March 2nd, 2016 · Leave a Comment
Megan LaChance used to dream of being a successful business woman. But a series of events, medical and otherwise, led her on a different path â€“ an educational path that culminated with her sharing her surprising story at the Fiesta Bowl in Arizona on Jan. 1, 2016.
Even though she's just 24 years old, Megan has had a lifetime's worth of trials and tribulations.
When Megan was 19, she lost her mother to pancreatic cancer.
At the age of 21, just two months after Megan married her high school sweetheart, sheÂ was presented with another challenge. Nagging pain that she believed to be caused by sciatica turned out to be advanced bone cancer.Â [...]
February 29th, 2016 · 1 Comment
Being diagnosed with bile duct cancer that eventually necessitated a liver transplant wasn't enough to keep Steve Woodford down for long. A South African native living in Utah, Steve is professional skydiving instructor, backpacker and canyon guide in Zion National Park. He has always lived on the edge with his active outdoors lifestyle. Getting sick unexpectedly during a backpacking trip to Belize two years ago seemed like just another challenge he had to overcome.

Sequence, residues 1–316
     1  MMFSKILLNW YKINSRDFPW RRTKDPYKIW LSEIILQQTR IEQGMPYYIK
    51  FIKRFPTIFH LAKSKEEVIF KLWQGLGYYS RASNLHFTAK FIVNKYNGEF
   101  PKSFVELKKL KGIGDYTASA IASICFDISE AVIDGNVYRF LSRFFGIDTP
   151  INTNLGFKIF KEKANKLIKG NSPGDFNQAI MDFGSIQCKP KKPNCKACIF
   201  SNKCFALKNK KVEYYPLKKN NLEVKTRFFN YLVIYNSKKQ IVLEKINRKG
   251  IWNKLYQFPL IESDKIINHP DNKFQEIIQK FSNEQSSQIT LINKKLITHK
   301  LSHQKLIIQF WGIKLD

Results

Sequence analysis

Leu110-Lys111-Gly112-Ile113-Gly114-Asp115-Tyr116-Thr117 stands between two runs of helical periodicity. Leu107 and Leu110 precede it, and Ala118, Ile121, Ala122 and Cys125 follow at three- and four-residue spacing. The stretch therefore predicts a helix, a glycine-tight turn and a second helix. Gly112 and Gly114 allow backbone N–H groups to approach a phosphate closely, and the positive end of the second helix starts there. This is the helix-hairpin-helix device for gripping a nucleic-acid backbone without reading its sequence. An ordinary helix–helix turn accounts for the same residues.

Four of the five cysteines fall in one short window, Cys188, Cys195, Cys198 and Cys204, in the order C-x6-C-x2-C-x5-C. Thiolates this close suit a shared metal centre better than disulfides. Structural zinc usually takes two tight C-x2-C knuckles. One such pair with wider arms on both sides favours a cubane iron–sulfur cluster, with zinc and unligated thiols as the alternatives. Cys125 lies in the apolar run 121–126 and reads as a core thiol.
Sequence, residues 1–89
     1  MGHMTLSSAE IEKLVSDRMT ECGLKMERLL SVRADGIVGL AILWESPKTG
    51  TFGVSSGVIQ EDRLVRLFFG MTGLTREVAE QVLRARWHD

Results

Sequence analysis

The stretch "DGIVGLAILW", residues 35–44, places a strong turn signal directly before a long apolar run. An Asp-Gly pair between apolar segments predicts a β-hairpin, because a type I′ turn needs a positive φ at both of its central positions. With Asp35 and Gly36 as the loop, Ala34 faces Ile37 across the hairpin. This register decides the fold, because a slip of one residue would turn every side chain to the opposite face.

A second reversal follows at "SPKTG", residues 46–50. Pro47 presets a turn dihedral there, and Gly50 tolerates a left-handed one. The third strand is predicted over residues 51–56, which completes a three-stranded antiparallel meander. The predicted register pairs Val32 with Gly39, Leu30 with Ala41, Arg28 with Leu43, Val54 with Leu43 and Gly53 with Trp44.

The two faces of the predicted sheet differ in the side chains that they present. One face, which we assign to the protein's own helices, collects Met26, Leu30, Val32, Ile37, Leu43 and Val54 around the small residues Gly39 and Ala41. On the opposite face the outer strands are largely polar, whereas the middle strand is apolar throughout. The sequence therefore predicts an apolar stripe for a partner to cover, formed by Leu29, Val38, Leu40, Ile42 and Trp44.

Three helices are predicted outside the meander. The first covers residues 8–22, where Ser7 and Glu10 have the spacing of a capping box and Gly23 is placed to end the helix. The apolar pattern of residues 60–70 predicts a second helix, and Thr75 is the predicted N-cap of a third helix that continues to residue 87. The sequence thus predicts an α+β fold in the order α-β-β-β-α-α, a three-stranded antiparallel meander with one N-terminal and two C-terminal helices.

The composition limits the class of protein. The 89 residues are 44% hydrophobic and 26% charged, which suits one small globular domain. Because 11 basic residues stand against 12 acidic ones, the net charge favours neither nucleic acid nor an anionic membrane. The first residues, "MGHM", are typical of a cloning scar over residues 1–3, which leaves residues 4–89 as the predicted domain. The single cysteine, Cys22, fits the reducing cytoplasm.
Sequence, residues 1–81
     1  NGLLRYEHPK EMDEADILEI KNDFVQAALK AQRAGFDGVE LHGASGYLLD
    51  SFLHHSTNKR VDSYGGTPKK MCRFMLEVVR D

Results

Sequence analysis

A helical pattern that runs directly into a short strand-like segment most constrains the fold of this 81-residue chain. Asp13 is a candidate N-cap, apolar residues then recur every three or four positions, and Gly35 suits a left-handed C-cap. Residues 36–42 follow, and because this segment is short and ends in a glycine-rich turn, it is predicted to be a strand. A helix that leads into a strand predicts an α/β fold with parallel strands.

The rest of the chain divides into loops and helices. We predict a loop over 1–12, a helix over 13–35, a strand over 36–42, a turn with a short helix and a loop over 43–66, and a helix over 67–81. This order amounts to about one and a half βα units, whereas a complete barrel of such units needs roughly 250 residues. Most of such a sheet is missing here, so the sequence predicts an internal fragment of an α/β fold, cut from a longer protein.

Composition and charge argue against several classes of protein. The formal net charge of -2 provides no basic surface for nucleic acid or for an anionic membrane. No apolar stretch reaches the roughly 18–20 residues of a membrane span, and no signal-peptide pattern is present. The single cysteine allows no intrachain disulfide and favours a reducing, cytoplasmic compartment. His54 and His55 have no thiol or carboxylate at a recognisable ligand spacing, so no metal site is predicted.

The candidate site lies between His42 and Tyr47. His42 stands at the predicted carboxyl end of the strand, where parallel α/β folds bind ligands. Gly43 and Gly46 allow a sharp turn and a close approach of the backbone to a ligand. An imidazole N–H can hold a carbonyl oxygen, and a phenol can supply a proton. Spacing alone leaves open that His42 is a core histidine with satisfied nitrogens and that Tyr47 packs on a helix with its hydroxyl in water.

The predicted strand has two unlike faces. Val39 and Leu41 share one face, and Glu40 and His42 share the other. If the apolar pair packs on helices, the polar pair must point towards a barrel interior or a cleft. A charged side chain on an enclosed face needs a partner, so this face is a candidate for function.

"My wife and I had just arrived in Belize to do some backpacking and visit the Mayan ruins, when I woke up itching, and noticed a yellow tint to my eyes and skin," Steve says. "I saw a local doctor for a blood test, urine test and ultrasound, and was told I had hepatitis C and needed to go straight home for immediate treatment. Little did I know what was to come after returning home to Utah."Â [...]
February 22nd, 2016 · 1 Comment
Bridget Clausen refers to her seven grandchildren and three great-grandchildren as "the love of my life." She treasures each of them and is proud to have a great-granddaughter named after her. The joy of a namesake is especially sweet, because when Bridget learned her granddaughter was pregnant, she wasn't sure she would be here to meet the baby.